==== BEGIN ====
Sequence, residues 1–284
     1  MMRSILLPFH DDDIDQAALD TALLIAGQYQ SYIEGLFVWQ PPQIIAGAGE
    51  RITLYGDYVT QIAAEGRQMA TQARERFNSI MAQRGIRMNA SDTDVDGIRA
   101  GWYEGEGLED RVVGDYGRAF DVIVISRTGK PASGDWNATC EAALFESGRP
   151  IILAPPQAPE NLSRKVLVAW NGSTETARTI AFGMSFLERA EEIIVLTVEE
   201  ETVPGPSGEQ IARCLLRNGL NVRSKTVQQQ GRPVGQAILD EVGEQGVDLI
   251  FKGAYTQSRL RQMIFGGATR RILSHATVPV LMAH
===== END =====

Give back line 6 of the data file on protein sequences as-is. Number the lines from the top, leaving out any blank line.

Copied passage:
   201  ETVPGPSGEQ IARCLLRNGL NVRSKTVQQQ GRPVGQAILD EVGEQGVDLI